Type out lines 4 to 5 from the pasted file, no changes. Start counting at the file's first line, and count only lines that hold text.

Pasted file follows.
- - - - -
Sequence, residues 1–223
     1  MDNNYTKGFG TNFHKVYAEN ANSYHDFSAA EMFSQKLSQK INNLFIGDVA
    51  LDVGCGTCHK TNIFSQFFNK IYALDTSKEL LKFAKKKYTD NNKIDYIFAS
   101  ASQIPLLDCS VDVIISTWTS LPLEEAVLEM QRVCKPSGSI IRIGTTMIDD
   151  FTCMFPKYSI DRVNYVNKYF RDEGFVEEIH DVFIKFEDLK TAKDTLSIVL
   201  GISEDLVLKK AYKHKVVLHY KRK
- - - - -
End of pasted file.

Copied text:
   101  ASQIPLLDCS VDVIISTWTS LPLEEAVLEM QRVCKPSGSI IRIGTTMIDD
   151  FTCMFPKYSI DRVNYVNKYF RDEGFVEEIH DVFIKFEDLK TAKDTLSIVL